Comment: 'War on terror' is a hazardous arena

Muslims have always donated to the poor and to charitable endowments set up for the construction of mosques, schools and hospitals, but you'd have to be especially devout or determined to set up an Islamic charity today.

Nick Seddon
Nick Seddon

You would have to pass the public benefit test, now that the advancement of religion no longer qualifies automatically for charitable status. And you'd also have to deal with the unofficial presumption that Islamic charities are fronts for terrorists.

There are limited grounds for anxiety. In May 2007, the Government linked eight charities to the London bombings of 7 July 2005 and six more to groups planning attacks. Then there was the news that the Thara Welfare Trust had been hijacked by unauthorised fundraisers collecting for Kashmiri militants. If the Home Office and Treasury report Review of Safeguards to Protect the Charitable Sector from Terrorist Abuse provoked the reasonable complaint that isolated examples aren't proof of widespread abuse, that doesn't mean there is no theoretical risk, as one commentator put it.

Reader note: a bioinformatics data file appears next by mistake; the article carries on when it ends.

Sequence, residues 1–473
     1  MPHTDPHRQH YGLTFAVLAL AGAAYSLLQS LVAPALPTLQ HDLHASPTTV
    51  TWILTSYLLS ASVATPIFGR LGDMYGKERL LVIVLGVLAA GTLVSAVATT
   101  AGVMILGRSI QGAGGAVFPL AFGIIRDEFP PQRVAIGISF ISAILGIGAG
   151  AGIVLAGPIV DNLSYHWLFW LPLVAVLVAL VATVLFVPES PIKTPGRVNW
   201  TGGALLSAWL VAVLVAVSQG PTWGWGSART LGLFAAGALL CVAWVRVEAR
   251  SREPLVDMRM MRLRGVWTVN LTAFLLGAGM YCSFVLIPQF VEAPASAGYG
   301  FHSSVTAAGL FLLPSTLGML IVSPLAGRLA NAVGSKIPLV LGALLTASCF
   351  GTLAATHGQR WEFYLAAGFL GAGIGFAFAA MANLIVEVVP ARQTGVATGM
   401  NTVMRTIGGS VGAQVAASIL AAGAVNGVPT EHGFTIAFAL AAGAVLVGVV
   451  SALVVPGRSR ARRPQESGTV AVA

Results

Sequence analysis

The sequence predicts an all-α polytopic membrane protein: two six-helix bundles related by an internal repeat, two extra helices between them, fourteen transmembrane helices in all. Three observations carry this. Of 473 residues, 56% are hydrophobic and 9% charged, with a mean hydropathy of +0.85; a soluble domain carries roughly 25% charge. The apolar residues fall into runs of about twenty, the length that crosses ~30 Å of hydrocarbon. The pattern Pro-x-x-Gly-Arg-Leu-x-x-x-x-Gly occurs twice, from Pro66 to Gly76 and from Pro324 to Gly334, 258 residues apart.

But if the Government's right that "while the scale of terrorist links to the charitable sector is extremely small in comparison to the size of the charitable sector, the risk of exploitation of charities is a significant aspect of the terrorist finance threat", who should deal with that risk?

Should it be the Charity Commission, which, with state coercion and capital, has set up the Faith and Social Cohesion Unit to improve governance in the 343 registered mosques and entice the other 850 into the fold?

Quite apart from there being some ambiguity about its role - will the regulator be cosying up or clamping down? - once again, this puts the commission's independence under the spotlight. As if it weren't enough that defining public benefit has thrust it to the political frontier, and as if it hadn't raised eyebrows by buckling to ministerial pressure to allow charities to be political pressure groups, it's now getting involved in the 'war on terror'.

Last year, a controversial book, Arms for Jihad: Charity and Terrorism in the Islamic World, was pulped because of a technicality. In this hazardous political arena, the commission should proceed cautiously.

- Nick Seddon is an author and journalist:

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